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Tag Archive: lost novel


Review by C.J. Bunce

Most of the world knew Roger Zelazny for his fantasy and science fiction short stories and novels.  Neil Gaiman has cited Zelazny as his greatest influence.  In his 58 years Zelazny won three Nebula awards and six Hugo awards, and is best known for The Chronicles of Amber His “A Rose for Ecclesiastes” was included in the DVD collection Visions of Mars: First Library on Mars, taken onto the Phoenix Mars lander in 2008.  In 2008 an unpublished novel was located, a crime thriller by Zelazny called The Dead Man’s Brother, and Titan Books’ Hard Case Crime imprint published it for the first time ever in 2009.  We’re reviewing it here as part of our excursion into lost novels and our “Retro Fix” series for fans who thought they’d read the entirety of their favorite authors’ works.  Previous works reviewed here include lost novels by Michael Crichton, James M. Cain, Donald E. Westlake, Lawrence Block, Gore Vidal, and others, as well as several forgotten classics of science fiction, fantasy, and pulp noir.  In an afterword by the author’s son Trent Zelazny, he comments on his father and writing genre, “Great writers will never hold back due to genre.  They will tell the story they want–or must–in spite of the limiting labels designed  by publishers.  They don’t think of themselves as science fiction writers or mystery writers or western writers.  They think of themselves simply as writers, period.”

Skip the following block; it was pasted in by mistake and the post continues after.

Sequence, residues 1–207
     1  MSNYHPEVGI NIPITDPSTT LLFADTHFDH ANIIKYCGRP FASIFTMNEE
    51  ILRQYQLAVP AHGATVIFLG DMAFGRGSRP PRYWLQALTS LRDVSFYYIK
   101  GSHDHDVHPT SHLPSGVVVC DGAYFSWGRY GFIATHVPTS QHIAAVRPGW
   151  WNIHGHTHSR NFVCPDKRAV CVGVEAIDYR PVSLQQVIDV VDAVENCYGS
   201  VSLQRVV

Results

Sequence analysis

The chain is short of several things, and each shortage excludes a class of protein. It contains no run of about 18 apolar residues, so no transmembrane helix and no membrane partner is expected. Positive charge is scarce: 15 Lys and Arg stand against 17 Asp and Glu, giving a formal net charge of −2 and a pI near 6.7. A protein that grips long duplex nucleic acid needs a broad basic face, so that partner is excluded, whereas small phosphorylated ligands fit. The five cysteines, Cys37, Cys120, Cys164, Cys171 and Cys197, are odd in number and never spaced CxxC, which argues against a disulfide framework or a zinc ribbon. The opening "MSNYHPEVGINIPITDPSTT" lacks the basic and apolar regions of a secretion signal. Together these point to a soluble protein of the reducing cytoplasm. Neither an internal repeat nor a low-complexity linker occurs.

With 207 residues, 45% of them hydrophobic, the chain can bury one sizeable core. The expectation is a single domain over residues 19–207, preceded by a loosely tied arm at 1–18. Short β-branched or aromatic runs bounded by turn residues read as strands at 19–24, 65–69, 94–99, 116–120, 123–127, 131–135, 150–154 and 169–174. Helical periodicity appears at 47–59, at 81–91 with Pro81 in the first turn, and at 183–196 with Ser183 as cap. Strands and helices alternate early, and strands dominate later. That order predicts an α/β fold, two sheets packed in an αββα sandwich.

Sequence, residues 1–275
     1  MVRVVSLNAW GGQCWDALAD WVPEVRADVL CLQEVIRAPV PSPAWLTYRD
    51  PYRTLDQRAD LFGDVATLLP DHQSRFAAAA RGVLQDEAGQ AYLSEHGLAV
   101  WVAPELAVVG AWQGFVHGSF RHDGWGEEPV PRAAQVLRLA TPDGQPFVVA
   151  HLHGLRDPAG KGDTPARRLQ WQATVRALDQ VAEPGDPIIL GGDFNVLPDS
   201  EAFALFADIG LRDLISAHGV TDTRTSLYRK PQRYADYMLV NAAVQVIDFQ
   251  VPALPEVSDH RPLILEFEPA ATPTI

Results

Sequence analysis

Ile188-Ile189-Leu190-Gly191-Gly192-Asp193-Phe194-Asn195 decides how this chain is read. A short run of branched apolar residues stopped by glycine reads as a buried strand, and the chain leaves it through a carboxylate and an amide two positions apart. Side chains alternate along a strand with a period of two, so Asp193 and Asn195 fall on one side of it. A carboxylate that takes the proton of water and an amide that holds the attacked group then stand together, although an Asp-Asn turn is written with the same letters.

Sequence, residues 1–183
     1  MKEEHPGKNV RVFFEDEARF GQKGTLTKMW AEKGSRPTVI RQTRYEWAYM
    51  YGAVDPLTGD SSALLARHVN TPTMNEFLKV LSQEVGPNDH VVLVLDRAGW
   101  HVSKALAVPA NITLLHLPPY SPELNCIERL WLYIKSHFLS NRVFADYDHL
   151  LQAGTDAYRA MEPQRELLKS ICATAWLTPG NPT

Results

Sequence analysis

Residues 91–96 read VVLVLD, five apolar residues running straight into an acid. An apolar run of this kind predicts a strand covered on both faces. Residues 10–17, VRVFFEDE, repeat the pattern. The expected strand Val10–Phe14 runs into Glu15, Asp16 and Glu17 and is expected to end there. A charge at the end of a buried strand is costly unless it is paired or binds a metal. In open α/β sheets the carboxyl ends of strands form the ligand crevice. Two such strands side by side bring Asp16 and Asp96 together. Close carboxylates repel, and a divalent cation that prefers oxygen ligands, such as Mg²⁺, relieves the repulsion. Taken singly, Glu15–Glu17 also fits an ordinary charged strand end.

In Roger Zelazny’s crime thriller The Dead Man’s Brother, his hero Ovid Wiley runs Taurus art gallery in New York.  Wiley is a former art smuggler and also a former CIA operative whose genetics (explained in the book) reflected a type of super soldier tendency.  At present, the early 1970s, Wiley had cleaned up his act for the most part, still in the art world buying and selling artwork as a respectable art dealer.  In the first scene we meet Wiley entering his gallery to find the dead body of his former partner in crime, a man he had neither seen nor thought about in several years.  Wiley is then accused of his murder, but the CIA intercedes.  It turns out they could use his unique skill set and familiarity with Rome specifically to earn a “get out of jail free” card by finding a missing priest alleged to have stolen millions from the Vatican.  Wiley begrudgingly agrees, and his investigation re-introduces him to the dead partner’s girlfriend and finds the embezzling priest dead.  Before he gets accused of that murder, he takes the girlfriend in tow and heads to Sao Paulo, Brazil, to locate the dead man’s brother.  He is imprisoned and tortured by locals for days, getting into a bizarre national conflict he has no interest in.  Armed with a machete and thoughts of revenge, he ventures home with a package and secret information.